Gurdjieff then gives this group their 'first exercise', which he claims is the fourth in a series of exercises taught in his schools. The purpose of the exercise he claims is to develop a person's ability to split their attention between three distinct cognitive tasks: feeling, sensing, and counting pace (he goes through great pains to distinguish for an audience unfamiliar with such distinctions the difference between 'feeling' (touch) and 'sensing' (relative spatial distance). He recommends using three fingers of one hand to perform this exercise, feeling one finger, sensing the other, and moving and keeping count of the third.
Prelude to fourth talk
The beginning of the fourth talk is a lengthy exposition where Gurdjieff explains the series of events that occur between the third and fourth talks: namely, the response from group members of the ultimatum given to them in the second talk and the arrival of Orage himself. Gurdjieff explains group members split into three camps: those who signed, those who refused to sign, and those who delayed signing until consulting Orage. Orage arrives in New York and requests a meeting with Gurdjieff, who agrees to meet with him on the condition that he signs the same contract given to his group members (which paradoxically includes himself). Gurdjieff then cites at length Orage's response (given to Gurdjieff's secretary), where he wholeheartedly agrees to dissolve his relationship with the group members and his 'old self', citing inward feelings of personal contradiction over the past year. Orage and his former followers are admitted as candidates to Gurdjieff's New York group for after paying a fine (from them Gurdjieff collects $113,000).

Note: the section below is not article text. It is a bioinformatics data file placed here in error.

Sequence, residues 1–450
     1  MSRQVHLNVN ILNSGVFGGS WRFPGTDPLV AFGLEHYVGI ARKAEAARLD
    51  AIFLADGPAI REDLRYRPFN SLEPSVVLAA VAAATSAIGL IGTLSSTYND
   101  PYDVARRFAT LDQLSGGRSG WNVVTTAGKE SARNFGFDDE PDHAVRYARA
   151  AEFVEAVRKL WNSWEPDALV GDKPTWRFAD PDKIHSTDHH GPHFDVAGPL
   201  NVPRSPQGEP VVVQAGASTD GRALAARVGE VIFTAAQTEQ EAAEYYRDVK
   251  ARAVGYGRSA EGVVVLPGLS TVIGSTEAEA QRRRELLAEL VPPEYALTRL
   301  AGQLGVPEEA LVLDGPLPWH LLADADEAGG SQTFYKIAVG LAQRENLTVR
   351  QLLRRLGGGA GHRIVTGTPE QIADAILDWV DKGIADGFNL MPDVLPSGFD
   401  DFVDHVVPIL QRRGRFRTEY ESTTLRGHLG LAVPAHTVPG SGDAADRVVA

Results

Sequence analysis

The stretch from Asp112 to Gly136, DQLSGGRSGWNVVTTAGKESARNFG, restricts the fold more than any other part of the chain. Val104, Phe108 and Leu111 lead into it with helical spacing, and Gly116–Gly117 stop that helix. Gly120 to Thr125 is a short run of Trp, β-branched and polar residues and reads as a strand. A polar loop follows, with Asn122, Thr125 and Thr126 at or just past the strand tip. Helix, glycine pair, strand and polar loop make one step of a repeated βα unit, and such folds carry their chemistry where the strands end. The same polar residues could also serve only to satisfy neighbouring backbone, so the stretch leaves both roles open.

An interesting note here is Gurdjieff's description of his unexpected emotional response—a violent fit and sobbing—upon hearing Orage's apology.
Also interesting in his relating the above violent fit, he makes the comment, "I cannot refrain from relating this and describing in the style of my former teacher, now almost a Saint,
Mullah Nassr Eddin...", however, the Mullah Nassr Eddin lived in the 13th century.
The fourth talk is an incomplete text of the lecture he gave before Orage, his former followers, and the seeds of the new group. Cryptically, it breaks from all previous topics and begins on themes of planetary composition,
ecology, humanity's place in nature, and his unconventional understanding of 'food' (which includes, among other things, air, and is a recurring Gurdjieff theme). Although Gurdjieff presents these abstract ideas as preparatory material for an exercise, the exercise itself is truncated from the text, which ends in an ellipses during an explanation of the peculiarities of air's role in Earth's planetary composition.
Fifth talk: Two exercises
This talk focuses almost entirely on two
Gurdjieff exercises, and also on an emphasis that a necessary component of group work towards these exercises demands sincerity when it comes to speaking about results.
The first exercise is to intentionally practice "self-deception"—Gurdjieff explains that repeating aloud "I am", and accompanying this utterance by focusing on a real or imagined feeling of resonance within oneself, serves as a method of depositing an imagined property into a person's subconscious or his 'passive state' as it is referred. Once in his passive state, Gurdjieff explains it is possible to bring into fruition within the person whatever the person imagines during this practice. For example, Gurdjieff claims with this exercise it is possible to cure 'any type of disharmony' such as a headache.
The second exercise, one of dividing attention into two parts between one's breathing and then on other definite objects, is illustrated as a monologue demonstrated before the group.
The Outer and Inner World of Man